While the benefits of low-dose helical CT scans in the reduction of lung cancer deaths are obvious, not every diagnostic option comes completely risk free. The CT scans can occasionally detect suspicious abnormalities that do not turn out to be lung cancer – known as false positives. Many of these abnormalities are scars from smoking, areas of inflammation or other noncancerous conditions that may require additional testing to determine that they are not harmful. These tests have been known to cause undue anxiety for patients and may sometimes lead to biopsies or surgeries.
“It is certainly an individual’s choice whether they want to be screened for lung cancer with a CT scan if they have no symptoms. However, it is important to make certain that such individuals have complete information and be well-informed before having such a scan. If a patient has symptoms, such as a persistent cough, weight loss, persistent hoarseness or trouble breathing, he or she should see a physician as soon as possible. Often these symptoms are due to something other than lung cancer, but more tests should be performed to make certain,” says Vydareny.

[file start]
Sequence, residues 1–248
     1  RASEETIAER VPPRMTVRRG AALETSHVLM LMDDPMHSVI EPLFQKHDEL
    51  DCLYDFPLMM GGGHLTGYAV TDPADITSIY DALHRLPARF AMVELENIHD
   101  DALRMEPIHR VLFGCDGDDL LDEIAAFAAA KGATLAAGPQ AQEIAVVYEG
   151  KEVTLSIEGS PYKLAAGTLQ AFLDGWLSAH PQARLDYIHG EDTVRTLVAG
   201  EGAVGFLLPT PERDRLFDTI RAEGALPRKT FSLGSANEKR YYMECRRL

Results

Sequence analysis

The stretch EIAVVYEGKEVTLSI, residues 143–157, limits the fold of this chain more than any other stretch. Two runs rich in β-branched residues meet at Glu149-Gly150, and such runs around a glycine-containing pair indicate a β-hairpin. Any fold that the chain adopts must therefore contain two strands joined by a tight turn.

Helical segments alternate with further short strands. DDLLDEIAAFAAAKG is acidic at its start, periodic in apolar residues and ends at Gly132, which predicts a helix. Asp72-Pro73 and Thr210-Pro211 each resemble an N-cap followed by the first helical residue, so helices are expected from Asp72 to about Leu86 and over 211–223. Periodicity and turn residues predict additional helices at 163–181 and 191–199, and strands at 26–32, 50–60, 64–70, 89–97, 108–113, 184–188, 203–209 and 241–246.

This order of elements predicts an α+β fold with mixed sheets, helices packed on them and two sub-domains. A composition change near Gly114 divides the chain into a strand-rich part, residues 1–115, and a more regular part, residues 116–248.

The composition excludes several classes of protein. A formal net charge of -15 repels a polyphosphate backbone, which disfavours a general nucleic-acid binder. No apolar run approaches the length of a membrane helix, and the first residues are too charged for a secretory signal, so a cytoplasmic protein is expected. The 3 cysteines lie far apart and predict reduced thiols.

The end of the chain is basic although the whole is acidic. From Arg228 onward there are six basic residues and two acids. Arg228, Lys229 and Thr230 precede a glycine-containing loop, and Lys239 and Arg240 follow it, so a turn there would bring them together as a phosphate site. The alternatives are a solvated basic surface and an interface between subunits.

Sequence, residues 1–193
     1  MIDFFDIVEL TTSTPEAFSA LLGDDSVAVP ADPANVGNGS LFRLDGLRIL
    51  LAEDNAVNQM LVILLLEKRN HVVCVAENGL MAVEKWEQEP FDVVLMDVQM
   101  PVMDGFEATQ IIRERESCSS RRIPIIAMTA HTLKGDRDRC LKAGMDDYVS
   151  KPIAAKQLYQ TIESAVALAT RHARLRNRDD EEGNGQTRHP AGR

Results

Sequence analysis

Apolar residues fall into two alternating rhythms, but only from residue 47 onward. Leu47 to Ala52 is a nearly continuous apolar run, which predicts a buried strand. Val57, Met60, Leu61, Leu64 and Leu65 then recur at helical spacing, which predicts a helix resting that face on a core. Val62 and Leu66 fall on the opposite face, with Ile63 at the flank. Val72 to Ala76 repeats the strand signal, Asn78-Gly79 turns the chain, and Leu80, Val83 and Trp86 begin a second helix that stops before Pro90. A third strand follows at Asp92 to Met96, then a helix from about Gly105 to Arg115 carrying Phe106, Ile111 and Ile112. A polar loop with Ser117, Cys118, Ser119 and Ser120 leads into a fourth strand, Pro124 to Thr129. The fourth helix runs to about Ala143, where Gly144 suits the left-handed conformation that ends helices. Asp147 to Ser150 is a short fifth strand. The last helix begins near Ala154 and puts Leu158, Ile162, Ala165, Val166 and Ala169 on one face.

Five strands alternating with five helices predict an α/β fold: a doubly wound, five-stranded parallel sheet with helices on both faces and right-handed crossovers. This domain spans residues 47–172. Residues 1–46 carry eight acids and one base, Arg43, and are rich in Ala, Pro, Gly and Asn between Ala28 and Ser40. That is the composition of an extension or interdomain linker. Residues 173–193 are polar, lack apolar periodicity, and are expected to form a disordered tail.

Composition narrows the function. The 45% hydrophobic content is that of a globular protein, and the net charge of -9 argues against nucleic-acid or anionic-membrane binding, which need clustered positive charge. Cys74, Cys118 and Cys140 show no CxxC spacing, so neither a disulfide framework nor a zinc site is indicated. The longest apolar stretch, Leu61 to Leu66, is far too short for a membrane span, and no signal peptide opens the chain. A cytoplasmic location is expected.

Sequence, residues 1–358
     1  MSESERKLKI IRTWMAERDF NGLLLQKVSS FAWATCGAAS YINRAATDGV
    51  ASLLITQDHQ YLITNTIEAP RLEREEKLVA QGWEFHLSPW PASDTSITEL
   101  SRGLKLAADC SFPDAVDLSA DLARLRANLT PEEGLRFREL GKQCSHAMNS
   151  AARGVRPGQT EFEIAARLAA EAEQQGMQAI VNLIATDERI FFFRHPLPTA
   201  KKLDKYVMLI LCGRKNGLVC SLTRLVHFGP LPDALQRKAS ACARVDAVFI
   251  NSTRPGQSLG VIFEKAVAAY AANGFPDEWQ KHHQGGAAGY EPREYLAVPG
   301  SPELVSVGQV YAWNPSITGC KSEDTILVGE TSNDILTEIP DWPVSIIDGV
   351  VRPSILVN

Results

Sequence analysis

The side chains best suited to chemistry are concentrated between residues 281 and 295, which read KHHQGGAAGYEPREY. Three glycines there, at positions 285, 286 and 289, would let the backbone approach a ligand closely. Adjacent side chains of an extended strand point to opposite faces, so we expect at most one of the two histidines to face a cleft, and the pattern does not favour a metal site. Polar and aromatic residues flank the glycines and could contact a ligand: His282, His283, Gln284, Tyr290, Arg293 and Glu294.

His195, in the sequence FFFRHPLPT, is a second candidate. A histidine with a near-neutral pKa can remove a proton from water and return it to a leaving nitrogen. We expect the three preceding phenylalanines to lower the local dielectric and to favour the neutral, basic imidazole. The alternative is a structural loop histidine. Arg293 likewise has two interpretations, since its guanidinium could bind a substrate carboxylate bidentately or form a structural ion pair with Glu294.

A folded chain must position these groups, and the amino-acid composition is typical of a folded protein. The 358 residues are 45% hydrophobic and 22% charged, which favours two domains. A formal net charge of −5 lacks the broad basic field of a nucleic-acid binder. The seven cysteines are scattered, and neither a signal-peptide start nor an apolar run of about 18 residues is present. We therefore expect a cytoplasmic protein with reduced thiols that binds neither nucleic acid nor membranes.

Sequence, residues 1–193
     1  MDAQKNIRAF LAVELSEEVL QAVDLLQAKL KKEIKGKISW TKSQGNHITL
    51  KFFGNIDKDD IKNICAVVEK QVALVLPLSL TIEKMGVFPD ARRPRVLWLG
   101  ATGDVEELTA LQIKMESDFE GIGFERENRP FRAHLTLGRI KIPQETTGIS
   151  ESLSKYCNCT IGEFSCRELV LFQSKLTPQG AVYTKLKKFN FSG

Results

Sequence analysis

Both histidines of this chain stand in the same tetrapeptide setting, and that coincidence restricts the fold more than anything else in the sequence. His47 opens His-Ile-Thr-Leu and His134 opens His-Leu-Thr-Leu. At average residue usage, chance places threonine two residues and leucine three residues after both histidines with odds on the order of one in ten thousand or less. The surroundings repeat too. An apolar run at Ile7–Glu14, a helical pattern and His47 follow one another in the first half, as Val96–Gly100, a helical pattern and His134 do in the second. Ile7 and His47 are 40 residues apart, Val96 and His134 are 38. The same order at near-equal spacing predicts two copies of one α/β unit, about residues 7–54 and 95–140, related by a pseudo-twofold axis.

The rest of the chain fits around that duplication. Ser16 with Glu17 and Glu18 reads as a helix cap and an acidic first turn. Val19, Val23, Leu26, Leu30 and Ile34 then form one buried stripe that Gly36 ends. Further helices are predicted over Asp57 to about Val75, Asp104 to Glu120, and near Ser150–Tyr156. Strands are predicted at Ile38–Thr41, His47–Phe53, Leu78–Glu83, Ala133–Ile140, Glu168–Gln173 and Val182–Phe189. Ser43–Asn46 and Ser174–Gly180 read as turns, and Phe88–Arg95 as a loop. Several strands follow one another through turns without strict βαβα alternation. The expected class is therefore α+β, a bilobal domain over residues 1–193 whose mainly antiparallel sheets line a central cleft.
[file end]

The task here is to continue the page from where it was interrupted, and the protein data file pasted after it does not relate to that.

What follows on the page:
What should a person at high-risk for lung cancer do? The answer that all physicians agree on is to stop smoking right now, the sooner the better. Or even better … don’t start smoking ever, further reducing the chances of getting cancer or suffering from a stroke or heart attack as well.
“All physicians hope that there will be a test that can screen for early lung cancer and that the dismal prognosis of those with lung cancer will improve. Perhaps it will be screening with CT scans. Perhaps it will be a blood test,” says Vydareny. “That day hopefully will come, but it has not yet arrived. But if you are or have been a heavy smoker, your first step should be to consult your primary care physician to discuss all possible screening options.”
Winship Cancer Institute of Emory University, Georgia’s only National Cancer Institute-designated cancer center, serves as the coordinating center for cancer research and care throughout Emory University and Emory Healthcare. Seeing more than 14,000 patients each year, Winship at Emory offers patients with access to progressive resources, technology and cancer treatment options. To benefit from these investigational advancements in cancer treatment, it is important to seek care from an academic medical center like Winship at Emory, first. Through discoveries made possible by a dedicated team of many of the nation’s best physicians and researchers, Winship at Emory works hard toward a future when science triumphs over cancer.